Work in Animal Nutrition
Productivity, health and growth are some of the factors that provide animal nutritionists with serious food for thought.
What is Nutrition?Nutrition is a process that involves the intake of nutrient materials and their subsequent absorption into the tissues of the animal. In animal nutrition, diets are designed, evaluated and adapted to suit the needs of the animal in question and vary considerably between species and their purpose.
Science of NutritionNutrition is a complex science and, as such, requires prospective candidates to have a strong academic record. Science subjects, such as chemistry, physics, biochemistry and maths, combined with economics, animal welfare and behaviour, food processing and techniques in animal production are all relevant to the work.
Degrees in biology, biochemistry, biosciences, biomedical sciences, dietetics, physiology and agriculture are normally considered as acceptable entry qualifications. Check first.
The Animal Nutritionist at WorkAnimal nutritionists’ spend much of their time working alone. As part of a team of specialists, whose research and practical work is done under separate specific conditions, they are required to attend regular meetings to collate and evaluate their combined findings.
Because of the agricultural-based element of this work, the nutritionist undertakes to visit farming clients to discuss targets and the specific needs of the market. Their role in this instance is to plan the nutritional aspects of rearing livestock, with attention to the animal husbandry of individual farms.
If a particular foodstuff has been used, possibly on a trial basis, the nutritionist will record relevant information in order to assess results and conduct further research to evaluate the effectiveness of the diet. This might involve feeding one group of animals on a certain diet that is different from another group, to provide comparisons of dietary regimes.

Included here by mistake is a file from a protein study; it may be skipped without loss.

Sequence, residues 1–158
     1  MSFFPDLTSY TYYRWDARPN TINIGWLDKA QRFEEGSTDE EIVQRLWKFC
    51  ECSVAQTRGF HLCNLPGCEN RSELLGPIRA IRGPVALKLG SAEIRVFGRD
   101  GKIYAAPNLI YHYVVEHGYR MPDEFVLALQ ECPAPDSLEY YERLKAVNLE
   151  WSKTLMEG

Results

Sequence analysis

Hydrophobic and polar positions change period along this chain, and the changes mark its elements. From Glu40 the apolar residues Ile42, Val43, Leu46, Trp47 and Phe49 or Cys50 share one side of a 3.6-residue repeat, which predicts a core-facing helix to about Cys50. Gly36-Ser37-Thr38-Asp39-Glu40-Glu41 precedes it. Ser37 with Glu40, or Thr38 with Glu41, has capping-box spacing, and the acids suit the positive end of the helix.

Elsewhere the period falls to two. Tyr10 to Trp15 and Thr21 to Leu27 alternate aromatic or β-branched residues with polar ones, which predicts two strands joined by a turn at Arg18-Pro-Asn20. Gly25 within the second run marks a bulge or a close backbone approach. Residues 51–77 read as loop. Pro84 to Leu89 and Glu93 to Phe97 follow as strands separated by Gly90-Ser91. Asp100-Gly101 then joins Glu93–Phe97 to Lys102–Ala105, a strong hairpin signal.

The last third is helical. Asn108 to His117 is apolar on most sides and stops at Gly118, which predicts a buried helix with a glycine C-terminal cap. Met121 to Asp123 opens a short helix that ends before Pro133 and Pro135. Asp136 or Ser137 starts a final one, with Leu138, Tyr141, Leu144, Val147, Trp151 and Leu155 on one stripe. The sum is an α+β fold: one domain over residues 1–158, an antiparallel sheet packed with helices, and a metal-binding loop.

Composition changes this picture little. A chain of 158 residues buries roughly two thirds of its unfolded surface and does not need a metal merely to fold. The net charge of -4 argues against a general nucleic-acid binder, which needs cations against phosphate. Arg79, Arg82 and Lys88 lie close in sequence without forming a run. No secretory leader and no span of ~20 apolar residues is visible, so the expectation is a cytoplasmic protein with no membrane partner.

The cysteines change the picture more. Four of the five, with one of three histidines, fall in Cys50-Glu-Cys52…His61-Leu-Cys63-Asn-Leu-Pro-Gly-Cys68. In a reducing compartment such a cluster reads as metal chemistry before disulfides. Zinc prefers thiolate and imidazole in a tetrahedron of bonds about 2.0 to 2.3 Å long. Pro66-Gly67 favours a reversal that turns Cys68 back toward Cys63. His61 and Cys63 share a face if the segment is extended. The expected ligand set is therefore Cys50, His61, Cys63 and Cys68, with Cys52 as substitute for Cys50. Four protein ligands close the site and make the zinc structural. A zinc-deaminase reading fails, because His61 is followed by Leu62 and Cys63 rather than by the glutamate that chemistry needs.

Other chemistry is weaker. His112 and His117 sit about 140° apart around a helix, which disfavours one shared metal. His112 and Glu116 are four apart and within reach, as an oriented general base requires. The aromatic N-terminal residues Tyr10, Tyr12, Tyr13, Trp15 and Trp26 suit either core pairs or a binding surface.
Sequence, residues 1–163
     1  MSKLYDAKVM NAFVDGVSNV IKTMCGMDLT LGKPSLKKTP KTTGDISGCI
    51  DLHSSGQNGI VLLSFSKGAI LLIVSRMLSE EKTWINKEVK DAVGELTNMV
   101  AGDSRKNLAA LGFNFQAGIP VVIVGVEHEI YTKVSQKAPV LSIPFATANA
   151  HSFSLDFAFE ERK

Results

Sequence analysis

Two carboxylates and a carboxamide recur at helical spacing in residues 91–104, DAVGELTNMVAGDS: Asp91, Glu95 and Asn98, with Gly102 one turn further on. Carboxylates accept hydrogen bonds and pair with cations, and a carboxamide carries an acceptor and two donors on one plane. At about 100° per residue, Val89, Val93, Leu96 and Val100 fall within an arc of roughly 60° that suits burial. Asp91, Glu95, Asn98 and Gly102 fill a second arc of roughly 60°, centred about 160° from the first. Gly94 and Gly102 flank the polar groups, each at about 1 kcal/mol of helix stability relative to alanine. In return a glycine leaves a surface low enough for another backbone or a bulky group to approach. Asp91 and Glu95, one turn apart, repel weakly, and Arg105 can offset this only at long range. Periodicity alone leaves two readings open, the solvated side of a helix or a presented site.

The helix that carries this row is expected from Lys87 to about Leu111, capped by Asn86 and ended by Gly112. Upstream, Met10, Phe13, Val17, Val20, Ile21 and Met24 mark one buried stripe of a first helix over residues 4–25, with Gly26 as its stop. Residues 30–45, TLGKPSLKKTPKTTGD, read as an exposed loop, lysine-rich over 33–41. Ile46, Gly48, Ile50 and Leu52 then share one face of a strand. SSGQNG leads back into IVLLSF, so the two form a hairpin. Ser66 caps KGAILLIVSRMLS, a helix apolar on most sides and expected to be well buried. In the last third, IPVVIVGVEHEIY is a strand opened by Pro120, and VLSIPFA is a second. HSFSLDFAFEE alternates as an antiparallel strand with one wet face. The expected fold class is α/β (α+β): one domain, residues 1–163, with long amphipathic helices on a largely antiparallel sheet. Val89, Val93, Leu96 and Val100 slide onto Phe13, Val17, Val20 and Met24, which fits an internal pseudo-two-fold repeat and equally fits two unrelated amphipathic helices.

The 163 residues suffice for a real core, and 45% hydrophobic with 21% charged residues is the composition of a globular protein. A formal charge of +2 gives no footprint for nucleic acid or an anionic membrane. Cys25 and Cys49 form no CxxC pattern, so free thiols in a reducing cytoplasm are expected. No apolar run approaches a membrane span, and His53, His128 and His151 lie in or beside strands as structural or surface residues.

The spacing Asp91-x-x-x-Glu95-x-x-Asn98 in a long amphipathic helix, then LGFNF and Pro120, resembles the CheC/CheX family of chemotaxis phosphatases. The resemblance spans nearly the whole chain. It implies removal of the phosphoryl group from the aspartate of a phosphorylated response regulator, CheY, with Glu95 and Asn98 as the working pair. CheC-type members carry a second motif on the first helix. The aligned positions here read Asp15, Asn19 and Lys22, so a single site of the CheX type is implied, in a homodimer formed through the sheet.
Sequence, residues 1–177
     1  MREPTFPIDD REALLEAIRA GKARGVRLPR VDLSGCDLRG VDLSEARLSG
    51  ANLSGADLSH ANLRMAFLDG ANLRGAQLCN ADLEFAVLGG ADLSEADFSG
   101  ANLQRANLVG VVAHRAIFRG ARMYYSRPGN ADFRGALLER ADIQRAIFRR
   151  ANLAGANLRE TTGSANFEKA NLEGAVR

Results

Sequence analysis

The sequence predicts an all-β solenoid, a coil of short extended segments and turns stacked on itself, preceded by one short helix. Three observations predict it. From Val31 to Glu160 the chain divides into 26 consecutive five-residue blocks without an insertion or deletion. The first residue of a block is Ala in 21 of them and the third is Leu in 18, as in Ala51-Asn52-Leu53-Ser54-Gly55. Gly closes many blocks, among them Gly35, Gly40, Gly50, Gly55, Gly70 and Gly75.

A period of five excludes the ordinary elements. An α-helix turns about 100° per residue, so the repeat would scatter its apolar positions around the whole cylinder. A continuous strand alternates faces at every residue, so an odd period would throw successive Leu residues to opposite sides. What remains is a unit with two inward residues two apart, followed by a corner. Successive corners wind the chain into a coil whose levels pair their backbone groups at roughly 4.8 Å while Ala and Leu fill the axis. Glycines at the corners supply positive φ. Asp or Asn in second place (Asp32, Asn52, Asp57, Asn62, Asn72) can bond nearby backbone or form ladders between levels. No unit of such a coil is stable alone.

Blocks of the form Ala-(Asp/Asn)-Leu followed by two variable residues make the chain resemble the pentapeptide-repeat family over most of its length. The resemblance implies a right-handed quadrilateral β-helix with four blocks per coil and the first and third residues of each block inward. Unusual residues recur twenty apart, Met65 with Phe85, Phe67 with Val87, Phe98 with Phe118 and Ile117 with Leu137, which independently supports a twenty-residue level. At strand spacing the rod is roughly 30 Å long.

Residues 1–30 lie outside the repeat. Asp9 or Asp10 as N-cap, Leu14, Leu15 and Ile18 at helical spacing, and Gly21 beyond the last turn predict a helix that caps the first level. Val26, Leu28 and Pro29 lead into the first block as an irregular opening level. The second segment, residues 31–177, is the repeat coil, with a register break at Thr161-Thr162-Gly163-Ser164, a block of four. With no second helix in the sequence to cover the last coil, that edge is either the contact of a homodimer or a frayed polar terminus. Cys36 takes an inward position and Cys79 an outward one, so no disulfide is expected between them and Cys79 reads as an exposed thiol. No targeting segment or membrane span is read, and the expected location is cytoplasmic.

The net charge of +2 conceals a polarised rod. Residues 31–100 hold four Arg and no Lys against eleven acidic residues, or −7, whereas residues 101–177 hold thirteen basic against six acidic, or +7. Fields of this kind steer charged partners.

Discussions with specialist vets are held to aid nutritionists’ investigations into nutritional disorders and to assist research into the preservation of animal feed. Evaluation of the palatability, chemical and nutritional value of feeds, grass, forage and supplements and vital research is ongoing. Various feeding systems are assessed on their nutritional and economical values.
The Importance of DietAll animals and plants need the correct nutrients in order to survive. For animals that are reared to produce food, there is a need to analyse the nutritional value of their diet as well as its effect on health, growth and overall performance, through well-researched and formulated diets. Similarly, for reproduction, content and quantity of rations are assessed by compilations of results.
With few exceptions, the manufactured feed of all farm animals, zoo animals and companion animals is formulated by expert nutritionists, vets and other professionals. The choice of dog food alone is vast, but every brand is a carefully researched product, designed to meet the different needs of dogs.
These include, to name just a few for example, special diets for sensitive skin, whelping bitches, puppy food, dogs at stud, elderly and working dogs. The choice appears to be never-ending and that is just for dogs! Diets for horses, cows, pigs, sheep, poultry and so on, are also as specialised to meet the different nutritional requirements of each animal.
Prospects and SalariesWith the qualifications mentioned earlier, an animal nutritionist could expect to start on a salary of between £17,000 to £20,000. PhD holders could command a salary of £23,000 +. After 10 years this could increase to between £30,000 and £45,000 +. (These figures are approximate and candidates should research terms and conditions of jobs independently.)
Qualified and experienced nutritionists may choose to pursue careers as freelance consultants, in teaching and research, international development, in Government health or in the private sector. Theirs is a specialist vocation and the opportunities and salaries reflect that.